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J Am Coll Radiol. 2012 Apr;9(4):251-5. doi: 10.1016/j.jacr.2011.11.017.

A medical student perspective on self-referral and overutilization in radiology: application of the four core principles of medical ethics.

Author information

1
Department of Radiology, University of Utah, School of Medicine, Salt Lake City, Utah 84132-2140, USA. asha.sarma@imail.org

Abstract

There is contention within the medical community surrounding imaging self-referral, in which providers refer patients to imaging facilities from which they receive financial returns. Controversy surrounds the assertion that self-referral leads to overutilization, or the application of imaging resources and services in situations in which patients are unlikely to benefit. Proponents of self-referral claim that the practice provides increased convenience, timelier diagnosis, more expeditious treatment, and decreased cost, while opponents believe that the practice results in the inappropriate ordering of unnecessary imaging studies. Given the importance of this subject and the magnitude of its potential economic impact, it is important to restore objectivity. The 4 core principles of medical ethics--autonomy, nonmaleficence, beneficence, and justice--represent a useful and well-established paradigm. This review article addresses the question of whether self-referral upholds these 4 principles and thus whether it is an ethical practice.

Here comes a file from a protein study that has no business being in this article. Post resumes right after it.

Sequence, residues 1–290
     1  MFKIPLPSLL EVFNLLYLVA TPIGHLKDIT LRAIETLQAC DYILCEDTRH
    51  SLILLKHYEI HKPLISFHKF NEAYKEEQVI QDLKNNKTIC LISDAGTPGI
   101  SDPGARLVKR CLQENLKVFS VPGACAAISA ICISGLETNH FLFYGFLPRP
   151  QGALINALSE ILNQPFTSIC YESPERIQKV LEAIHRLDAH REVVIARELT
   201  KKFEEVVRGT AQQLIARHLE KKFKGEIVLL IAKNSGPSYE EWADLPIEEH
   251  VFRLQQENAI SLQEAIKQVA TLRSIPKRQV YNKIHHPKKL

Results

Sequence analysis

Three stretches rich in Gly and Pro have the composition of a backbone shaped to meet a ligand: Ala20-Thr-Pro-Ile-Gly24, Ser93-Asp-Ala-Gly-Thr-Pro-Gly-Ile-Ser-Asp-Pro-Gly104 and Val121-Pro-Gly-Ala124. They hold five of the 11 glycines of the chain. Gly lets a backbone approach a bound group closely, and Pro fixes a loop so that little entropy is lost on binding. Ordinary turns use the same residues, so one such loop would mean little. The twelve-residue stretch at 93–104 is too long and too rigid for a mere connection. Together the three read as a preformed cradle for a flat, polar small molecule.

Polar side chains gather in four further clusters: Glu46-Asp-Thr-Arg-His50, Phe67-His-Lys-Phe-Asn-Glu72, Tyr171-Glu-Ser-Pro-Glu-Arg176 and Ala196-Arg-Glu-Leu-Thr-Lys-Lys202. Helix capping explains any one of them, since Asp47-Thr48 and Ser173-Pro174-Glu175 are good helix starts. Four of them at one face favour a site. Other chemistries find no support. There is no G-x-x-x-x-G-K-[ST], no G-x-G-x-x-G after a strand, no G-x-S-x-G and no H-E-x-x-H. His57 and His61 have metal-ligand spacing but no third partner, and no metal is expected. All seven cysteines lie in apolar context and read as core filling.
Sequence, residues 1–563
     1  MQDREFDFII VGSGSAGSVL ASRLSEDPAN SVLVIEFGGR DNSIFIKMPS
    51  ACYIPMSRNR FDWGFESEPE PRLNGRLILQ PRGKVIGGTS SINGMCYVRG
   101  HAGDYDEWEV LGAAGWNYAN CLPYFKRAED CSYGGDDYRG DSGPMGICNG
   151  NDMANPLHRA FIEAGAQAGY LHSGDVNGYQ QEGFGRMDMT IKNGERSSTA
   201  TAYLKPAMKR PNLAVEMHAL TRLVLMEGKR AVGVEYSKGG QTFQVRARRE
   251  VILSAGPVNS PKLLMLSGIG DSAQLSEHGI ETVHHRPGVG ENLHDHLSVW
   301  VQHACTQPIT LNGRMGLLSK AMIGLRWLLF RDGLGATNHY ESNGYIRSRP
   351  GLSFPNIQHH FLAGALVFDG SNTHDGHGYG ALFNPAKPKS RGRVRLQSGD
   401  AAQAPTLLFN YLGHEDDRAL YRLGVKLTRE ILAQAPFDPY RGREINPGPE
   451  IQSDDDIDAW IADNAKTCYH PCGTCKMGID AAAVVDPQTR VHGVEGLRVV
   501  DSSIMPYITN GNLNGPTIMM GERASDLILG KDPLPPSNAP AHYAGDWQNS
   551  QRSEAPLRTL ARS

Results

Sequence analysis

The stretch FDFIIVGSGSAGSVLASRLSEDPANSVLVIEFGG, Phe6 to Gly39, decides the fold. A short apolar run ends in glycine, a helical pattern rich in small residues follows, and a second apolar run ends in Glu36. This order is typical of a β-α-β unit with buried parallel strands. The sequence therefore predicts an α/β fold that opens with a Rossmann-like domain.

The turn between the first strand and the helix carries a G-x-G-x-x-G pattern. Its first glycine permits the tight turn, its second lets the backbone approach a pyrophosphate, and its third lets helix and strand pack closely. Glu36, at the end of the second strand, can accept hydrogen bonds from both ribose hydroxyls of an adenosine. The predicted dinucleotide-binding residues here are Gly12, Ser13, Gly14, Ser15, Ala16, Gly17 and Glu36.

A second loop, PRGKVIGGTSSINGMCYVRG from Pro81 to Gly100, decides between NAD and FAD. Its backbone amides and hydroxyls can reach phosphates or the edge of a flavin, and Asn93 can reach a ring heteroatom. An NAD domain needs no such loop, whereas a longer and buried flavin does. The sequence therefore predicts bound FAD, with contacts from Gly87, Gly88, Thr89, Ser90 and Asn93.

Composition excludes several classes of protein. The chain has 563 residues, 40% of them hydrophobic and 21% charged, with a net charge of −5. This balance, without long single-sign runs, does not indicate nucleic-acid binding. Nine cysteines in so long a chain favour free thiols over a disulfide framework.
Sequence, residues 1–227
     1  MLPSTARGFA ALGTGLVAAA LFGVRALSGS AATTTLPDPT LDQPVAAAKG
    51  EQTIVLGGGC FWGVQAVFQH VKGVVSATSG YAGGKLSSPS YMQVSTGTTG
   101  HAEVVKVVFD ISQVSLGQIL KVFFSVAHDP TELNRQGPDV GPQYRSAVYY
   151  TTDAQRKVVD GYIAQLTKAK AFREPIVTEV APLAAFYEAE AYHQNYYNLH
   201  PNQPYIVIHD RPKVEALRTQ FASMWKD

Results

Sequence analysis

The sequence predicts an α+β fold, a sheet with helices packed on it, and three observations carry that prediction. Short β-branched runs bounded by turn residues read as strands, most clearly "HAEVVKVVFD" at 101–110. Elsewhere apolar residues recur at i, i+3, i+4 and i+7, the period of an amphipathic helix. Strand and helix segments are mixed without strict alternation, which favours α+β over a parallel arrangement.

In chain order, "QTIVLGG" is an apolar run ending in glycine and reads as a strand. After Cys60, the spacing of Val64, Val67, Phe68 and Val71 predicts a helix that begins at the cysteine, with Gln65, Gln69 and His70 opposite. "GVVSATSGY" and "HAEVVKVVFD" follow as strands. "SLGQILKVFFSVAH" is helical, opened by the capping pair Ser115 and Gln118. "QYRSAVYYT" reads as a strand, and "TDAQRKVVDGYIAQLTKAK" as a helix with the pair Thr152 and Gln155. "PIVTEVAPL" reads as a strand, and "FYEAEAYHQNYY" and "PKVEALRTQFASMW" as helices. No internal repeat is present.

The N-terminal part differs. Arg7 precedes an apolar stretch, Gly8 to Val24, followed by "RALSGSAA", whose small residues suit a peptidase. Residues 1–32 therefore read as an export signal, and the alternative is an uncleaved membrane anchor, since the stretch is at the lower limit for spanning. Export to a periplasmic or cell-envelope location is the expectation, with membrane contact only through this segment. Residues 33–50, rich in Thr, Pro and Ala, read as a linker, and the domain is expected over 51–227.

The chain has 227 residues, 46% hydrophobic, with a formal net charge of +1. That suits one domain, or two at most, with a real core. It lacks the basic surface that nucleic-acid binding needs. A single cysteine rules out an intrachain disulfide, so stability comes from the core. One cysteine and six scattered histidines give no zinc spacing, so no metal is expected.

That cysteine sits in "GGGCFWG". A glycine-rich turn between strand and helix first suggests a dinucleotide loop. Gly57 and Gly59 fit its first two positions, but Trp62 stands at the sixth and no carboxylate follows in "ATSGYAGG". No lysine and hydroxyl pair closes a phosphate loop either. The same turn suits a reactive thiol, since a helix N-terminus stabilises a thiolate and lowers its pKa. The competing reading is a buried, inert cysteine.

PMID:
22469375
DOI:
10.1016/j.jacr.2011.11.017
[Indexed for MEDLINE]

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